This month marks a timely convergence of important Jewish and Christian celebrations. Passover begins at sundown on April 12 and continues for a week that includes Maundy Thursday, Good Friday, and Resurrection Sunday.

Passover does not always overlap with the holidays commemorating Christ’s passion but when it does, it raises an important and controversial issue in both the Jewish and Christian communities. Jewish people will celebrate Passover, remembering Israel’s redemption from slavery in Egypt. Christians observing Maundy Thursday will remember that Jesus’ last supper” was a Passover celebration and that during this Passover observance He instituted the Lord’s Supper, Holy Communion. So, to what extent do the two religious communities share history and heritage? Is there a link that binds us together, enabling Jews and Christians to appreciate one another and affirm each other? Answers to these questions are scattered “all over the map.”

Separate but Equal

Many Jewish and Christian leaders take a “separate but equal” approach. They acknowledge the historical connection between Jews and Christians, between Passover and Easter, but feel that since an historic break has distanced and divided the two religious communities, we should not try to “mix” the two.

Some Jewish leaders see any linkage between Passover with Communion as an attempt to disenfranchise the Jewish community by distorting and co-opting the meaning of the Passover. Likewise some Christian leaders have no interest in any connection between Communion and Passover because they see Passover as irrelevant to those under the New Covenant. I heard one Christian theologian on a radio show discourage pastors from drawing any connection between the Passover and Communion because “it would only lead to confusion among their parishioners.” Jewish and Christian leaders in this camp profess respect for one another based on the agreement that Judaism is Judaism, Christianity is Christianity and never the twain shall meet.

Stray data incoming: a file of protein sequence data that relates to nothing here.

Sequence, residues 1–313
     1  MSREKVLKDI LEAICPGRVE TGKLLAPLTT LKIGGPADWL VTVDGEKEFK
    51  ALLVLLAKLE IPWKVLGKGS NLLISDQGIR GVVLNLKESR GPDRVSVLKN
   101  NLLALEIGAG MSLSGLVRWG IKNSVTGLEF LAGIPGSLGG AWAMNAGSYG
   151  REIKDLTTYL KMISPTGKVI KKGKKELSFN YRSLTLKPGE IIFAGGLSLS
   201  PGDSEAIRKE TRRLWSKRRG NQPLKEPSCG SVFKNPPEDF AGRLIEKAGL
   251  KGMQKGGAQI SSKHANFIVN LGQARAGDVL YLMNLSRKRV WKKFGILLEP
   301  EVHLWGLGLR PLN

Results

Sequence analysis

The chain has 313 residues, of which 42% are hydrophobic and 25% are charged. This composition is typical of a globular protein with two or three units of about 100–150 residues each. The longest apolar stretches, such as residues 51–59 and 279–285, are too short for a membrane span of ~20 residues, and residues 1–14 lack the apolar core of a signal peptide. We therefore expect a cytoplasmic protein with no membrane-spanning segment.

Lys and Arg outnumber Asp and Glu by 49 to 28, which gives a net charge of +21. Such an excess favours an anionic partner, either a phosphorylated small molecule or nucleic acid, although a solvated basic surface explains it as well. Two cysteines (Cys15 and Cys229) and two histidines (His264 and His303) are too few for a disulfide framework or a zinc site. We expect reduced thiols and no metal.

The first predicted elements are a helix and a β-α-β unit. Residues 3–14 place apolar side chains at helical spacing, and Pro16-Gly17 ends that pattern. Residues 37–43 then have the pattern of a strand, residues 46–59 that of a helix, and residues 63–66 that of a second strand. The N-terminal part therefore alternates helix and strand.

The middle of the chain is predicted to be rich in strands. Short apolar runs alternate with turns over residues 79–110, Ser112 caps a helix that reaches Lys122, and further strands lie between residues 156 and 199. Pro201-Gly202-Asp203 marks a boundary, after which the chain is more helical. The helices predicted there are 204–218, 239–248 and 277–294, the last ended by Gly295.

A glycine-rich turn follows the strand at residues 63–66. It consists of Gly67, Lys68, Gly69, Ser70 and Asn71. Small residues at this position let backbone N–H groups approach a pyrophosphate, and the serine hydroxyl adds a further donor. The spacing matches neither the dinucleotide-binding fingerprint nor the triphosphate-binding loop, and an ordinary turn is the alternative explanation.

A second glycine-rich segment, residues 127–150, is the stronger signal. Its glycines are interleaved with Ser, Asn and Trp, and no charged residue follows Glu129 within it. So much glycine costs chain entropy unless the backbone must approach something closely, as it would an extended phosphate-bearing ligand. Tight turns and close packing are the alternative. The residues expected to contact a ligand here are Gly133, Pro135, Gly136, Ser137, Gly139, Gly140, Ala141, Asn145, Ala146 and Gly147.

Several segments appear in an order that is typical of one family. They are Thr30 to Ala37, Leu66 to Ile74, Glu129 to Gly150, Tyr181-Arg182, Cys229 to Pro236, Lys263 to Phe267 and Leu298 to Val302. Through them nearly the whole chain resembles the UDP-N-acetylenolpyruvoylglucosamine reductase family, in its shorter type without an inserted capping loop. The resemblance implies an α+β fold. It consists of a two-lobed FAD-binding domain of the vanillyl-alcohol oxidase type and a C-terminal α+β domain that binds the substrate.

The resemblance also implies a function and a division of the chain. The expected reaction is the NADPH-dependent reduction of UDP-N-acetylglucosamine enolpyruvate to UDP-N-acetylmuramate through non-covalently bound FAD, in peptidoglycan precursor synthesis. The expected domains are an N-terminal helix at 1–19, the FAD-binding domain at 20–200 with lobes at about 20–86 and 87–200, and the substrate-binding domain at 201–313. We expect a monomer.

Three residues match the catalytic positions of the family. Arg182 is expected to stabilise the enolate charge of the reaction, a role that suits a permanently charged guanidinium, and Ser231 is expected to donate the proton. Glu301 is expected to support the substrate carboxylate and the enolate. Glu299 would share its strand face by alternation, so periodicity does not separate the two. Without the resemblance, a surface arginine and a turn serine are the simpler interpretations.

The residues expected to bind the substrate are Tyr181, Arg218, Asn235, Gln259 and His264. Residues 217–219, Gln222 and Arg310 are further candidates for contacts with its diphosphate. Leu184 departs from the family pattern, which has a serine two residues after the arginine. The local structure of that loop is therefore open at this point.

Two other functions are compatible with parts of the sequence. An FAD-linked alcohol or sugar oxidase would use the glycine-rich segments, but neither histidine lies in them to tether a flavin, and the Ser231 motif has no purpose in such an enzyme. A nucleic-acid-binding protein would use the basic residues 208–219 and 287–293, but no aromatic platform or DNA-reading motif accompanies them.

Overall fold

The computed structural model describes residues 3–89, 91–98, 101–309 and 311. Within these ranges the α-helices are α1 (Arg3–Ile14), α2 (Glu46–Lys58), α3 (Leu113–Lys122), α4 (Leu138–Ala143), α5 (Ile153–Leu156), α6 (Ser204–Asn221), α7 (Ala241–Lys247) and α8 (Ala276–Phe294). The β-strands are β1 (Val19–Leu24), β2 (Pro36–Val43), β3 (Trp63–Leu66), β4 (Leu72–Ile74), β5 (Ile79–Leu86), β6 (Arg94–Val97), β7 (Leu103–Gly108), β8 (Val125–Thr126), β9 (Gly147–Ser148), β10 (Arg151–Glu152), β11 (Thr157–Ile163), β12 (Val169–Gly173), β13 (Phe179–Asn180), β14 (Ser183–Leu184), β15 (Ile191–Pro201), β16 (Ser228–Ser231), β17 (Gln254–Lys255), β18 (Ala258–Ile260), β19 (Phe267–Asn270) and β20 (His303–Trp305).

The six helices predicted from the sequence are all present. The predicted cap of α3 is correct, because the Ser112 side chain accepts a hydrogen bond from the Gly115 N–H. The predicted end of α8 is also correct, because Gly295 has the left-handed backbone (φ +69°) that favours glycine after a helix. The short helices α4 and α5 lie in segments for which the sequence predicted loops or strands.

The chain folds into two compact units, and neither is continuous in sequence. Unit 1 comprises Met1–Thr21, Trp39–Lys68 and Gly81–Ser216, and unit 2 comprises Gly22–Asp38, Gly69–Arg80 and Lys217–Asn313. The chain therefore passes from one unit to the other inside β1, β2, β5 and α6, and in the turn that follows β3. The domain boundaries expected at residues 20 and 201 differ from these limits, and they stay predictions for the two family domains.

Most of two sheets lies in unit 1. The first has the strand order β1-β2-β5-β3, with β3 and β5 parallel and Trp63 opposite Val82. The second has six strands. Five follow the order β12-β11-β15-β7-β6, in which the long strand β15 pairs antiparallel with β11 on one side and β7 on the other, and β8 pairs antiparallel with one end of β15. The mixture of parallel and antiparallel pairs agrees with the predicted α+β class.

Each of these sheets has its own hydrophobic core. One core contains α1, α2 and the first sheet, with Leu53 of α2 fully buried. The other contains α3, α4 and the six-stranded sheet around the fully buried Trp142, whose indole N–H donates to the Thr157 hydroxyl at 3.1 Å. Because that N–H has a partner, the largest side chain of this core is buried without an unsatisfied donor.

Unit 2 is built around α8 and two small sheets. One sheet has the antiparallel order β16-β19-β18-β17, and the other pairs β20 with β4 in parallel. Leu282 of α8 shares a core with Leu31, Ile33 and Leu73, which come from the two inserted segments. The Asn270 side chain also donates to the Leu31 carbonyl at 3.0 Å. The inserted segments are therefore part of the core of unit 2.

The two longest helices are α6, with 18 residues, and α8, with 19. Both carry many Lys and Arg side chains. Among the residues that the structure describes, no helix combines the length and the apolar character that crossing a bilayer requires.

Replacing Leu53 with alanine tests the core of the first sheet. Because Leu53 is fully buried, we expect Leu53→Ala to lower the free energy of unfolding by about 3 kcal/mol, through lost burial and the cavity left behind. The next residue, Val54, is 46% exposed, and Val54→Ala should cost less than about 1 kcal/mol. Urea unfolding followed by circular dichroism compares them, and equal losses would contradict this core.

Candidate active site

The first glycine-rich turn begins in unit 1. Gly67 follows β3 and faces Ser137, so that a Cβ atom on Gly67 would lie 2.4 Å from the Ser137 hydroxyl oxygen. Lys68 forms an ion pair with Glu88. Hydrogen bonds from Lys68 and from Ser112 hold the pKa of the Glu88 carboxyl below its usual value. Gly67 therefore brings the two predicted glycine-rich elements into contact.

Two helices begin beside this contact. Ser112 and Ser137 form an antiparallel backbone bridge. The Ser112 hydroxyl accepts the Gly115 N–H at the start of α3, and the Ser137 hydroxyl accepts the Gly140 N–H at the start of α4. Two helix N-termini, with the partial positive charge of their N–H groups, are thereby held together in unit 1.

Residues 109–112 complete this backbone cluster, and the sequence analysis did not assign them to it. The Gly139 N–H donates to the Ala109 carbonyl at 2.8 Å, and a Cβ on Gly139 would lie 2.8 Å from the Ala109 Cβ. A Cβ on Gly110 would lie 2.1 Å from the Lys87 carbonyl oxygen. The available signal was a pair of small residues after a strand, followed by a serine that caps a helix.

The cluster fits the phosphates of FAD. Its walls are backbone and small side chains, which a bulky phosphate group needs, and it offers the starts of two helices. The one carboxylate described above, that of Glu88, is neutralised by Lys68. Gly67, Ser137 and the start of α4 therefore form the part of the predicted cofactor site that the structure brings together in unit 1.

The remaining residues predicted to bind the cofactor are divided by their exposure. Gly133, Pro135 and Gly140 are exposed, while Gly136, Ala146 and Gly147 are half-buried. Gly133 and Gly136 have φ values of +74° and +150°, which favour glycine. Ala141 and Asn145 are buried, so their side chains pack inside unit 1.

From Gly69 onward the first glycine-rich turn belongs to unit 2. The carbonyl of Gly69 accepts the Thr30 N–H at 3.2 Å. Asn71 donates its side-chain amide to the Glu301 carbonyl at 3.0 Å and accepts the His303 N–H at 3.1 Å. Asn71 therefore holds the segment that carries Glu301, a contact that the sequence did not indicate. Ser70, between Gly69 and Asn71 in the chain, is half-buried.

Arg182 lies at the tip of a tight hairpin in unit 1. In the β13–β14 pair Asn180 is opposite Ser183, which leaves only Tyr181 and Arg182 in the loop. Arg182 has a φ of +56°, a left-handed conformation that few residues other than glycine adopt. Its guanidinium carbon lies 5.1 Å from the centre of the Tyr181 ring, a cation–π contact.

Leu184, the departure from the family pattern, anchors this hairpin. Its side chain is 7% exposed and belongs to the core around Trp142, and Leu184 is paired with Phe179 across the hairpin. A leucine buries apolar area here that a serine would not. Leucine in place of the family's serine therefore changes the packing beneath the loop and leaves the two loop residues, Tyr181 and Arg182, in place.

United and Accommodated

A different and increasingly popular position among Jewish and Christian leaders is to come together and accommodate one another’s differences. This appeals to the popular notion of tolerance in our post-modern society. Anything that could lead to disagreement should be minimized or set aside.

Unfortunately, when it comes to affirming spiritual issues that connect our history and heritage, it is Jesus who usually gets minimized or set aside. A pastor might welcome a rabbi into his pulpit to explain the meaning of the Jewish Passover. The rabbi might mention that Jesus, a Jewish rabbi, did indeed celebrate the Passover in that upper room. But he would refrain from drawing any theological implications from what Jesus said that night; nor could he, in good conscience, speak of the parallel between Passover and the Passion when it comes to redemption through the blood of the Lamb. Likewise, should the pastor be invited to speak at the synagogue, he would feel constrained to be very careful to avoid any emphasis on Christ that might offend his Jewish friends.